By Ken Trainor
And now, in this quiet lull before he infuriates me anew, on an early August Sunday morning, a few kind — or at least kinder — words about the notorious horse's ass, Donald Trump, because there is still a place for pity in the world.
He is a monster, to be sure — the son of a monster we now know, thanks to Mary Trump, daughter of Fred Trump Jr., who somehow held onto his humanity, at the cost of his life. Donald, meanwhile, surrendered his, if he ever had it, in a desperate attempt to earn his father's affection, or approval, or at least redirect his withering contempt. Or maybe he was born a monster and took to it like a duck to water. We'll probably never know for sure.
The protégé of Roy Cohn, another self-hating monstrosity, who served as his mentor in the dark arts of ruthless conniving, Donald became a man more sinning than sinned against, a man who doesn't know how to tell the truth because truth always involves more than one's own self. His is a psyche with no room for a superego, only ego and id. Being incapable of empathy himself, it is difficult to accord it to him, but not impossible. Somehow the estimable John Lewis probably found a way to love him.
When it comes to Trump, love is an emotion too far for me, but I do feel pity — maybe because he seems to be melting before our eyes, his behavior growing more and more erratic. Dangerous to be sure, capable of causing greater harm still, this human cartoon's boast of passing a dementia test would be laughable if it didn't confirm his cognitive decline.
Yet for all the evil he is doing, for all the earth he is scorching, for all of the Constitution he is torching, he has awakened us in a way no one else could, not even the pompous asses who enable him: Mitch McConnell, Mike Pompeo, Bill Barr and the rest of the hair-on-fire hellraisers in Congress who mindlessly defend him. His sheer ineptitude has laid bare the deep insufficiencies that lie just beneath the thin veneer of our civilization and has exposed our diseased body politic. As a bonus, he has been breathtakingly transparent all along about his mean-spirited mission to undermine democracy and prop up the morally decrepit scaffolding of white supremacy. For that clarity, we owe at least a moment of silent gratitude as we show the horse's ass the door.
His dissolution is mesmerizing to watch, but elicits no glee. Not yet anyway. On Jan. 20, there will be glee to spare, tempered by a sober awareness of the mess we have been left to clean up.
For now, though, his decline may make the last days of Nixon, Hitler and "Citizen Kane" look mild by comparison. Pity is the only emotion that applies when a human being descends into a hell of his own making. As C.S. Lewis said, "The gates of hell are locked from the inside."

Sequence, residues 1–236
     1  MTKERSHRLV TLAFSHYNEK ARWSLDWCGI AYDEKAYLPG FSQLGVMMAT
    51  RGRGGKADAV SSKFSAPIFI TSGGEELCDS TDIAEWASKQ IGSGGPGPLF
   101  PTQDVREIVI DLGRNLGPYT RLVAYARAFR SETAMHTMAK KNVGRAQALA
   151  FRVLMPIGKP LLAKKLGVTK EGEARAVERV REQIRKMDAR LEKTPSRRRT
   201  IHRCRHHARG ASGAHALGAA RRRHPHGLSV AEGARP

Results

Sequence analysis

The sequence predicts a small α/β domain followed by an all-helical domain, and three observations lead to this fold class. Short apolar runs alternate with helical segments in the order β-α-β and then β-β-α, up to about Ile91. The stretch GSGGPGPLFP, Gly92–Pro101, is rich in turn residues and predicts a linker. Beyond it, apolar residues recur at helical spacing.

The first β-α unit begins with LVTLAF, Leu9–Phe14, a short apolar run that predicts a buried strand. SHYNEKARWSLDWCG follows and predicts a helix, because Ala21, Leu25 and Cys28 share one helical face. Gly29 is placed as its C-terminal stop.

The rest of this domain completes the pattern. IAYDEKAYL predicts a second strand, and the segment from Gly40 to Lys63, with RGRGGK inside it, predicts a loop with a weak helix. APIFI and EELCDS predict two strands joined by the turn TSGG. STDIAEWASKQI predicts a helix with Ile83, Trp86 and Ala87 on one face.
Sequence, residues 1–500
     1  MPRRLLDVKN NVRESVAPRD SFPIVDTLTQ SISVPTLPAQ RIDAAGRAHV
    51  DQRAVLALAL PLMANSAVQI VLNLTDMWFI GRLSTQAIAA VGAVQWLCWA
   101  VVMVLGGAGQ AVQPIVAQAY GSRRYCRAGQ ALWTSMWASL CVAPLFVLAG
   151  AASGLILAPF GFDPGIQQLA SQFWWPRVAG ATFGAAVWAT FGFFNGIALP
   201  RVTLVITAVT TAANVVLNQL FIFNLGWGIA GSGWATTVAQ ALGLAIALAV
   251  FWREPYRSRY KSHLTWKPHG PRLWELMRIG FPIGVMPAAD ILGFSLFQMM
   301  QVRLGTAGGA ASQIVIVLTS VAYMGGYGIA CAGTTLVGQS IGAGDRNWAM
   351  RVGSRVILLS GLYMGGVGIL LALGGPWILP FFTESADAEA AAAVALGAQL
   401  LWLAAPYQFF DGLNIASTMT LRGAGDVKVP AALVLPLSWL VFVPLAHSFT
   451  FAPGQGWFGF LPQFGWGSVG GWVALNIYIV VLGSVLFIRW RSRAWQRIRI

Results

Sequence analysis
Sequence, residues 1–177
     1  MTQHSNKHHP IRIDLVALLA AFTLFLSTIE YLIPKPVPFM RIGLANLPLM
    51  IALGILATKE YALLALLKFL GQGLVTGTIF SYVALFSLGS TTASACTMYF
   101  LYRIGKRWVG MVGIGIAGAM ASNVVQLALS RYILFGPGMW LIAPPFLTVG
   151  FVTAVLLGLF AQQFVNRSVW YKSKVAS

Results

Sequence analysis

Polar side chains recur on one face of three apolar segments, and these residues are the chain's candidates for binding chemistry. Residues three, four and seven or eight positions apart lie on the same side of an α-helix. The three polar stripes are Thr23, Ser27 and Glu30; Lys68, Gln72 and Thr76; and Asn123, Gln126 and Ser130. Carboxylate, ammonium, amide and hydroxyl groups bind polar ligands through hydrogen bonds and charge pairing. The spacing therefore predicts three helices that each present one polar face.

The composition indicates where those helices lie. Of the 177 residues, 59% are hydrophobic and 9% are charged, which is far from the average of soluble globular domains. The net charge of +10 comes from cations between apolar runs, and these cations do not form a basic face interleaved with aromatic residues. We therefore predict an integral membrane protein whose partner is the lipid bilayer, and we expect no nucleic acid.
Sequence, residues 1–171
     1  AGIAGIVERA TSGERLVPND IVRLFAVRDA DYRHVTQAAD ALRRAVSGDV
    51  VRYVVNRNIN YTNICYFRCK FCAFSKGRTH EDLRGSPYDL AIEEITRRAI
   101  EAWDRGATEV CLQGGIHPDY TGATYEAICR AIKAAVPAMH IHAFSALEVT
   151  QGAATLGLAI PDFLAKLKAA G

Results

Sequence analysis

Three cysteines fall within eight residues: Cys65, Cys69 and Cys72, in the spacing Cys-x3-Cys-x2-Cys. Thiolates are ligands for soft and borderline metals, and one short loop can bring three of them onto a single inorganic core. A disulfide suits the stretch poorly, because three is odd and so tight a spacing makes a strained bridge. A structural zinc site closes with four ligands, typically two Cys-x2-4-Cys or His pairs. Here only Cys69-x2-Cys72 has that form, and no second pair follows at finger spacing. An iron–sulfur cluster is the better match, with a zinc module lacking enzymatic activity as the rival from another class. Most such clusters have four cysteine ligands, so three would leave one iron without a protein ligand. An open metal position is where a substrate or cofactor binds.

But we must not descend with him. He was at one point one of us, so we can only watch with pathos. The goal of classical Greek tragedy is a cleansing emotion known as catharsis, a combination of pity and horror, as we watch a noble figure fall from a great height through his own actions. This is not that tragedy. Donald Trump was never noble, though his fall, aided and abetted by the coronavirus, was nonetheless his own. He will forever live in infamy, a cautionary tale of ambition run amok, like Shakespeare's Macbeth.
But there is still a place for pity in the world and tragedy's catharsis, in theory anyway, allows the audience to reclaim its own humanity as it leaves the amphitheater. Donald Trump, pathetic human being, broken if he were ever whole, dysfunctional if he were ever functional, who in becoming president devolved into a malignant tumor, has also, I hope, helped us get in touch with a deeper level of our humanity.
We are the surgeons who, with steely resolve, must wield the scalpel that excises this malignancy. Yet I doubt that surgeons hate the tumors they eliminate. I can even imagine they feel a moment of pathos for this pound of flesh and wonder at its deep deformity before removing it.
And that, for better or for worse, is the kindest I can be about Donald Trump on this early August Sunday morning.
As I finished writing this, a friend from Colorado, Kevin O'Keefe, who is very much in touch with his humanity, sent the following email that seemed to offer "a more perfect" ending:
"Children's stories end with the evil-doers being vanquished and the heroes living happily ever after. The Sondheim musical Into The Woods, however, shows us that this is only the ending of Act One.
"Evil is never vanquished. It slithers away in defeat, only to emerge in other variations when opportunities knock. Victories over evil are ever only partial and only temporary. In the best possible scenario, whereby Truth and Justice prevail in the November election, America may get a chance to slow and divert and maybe even briefly expose the contours of the evil within. But it will not be eradicated, not ever.
"Maybe a few new constitutional amendments will be passed in our lifetimes to bolster against the sort of evils that have been allowed to breathe free these past few years, and that would be a good thing.
"And looking back in time at the arc of history bending toward justice should give us hope. Someone told me the phrase 'more perfect' is improper and should never be used, but for a single exception: when referring to America's striving to become a more perfect union. Boy, do we have a long way to go. And I can accept that no nation will ever attain perfection. But let's hope our younger generations will renew the promise to strive to be 'more perfect.'"
Amen to that.
Answer Book 2019
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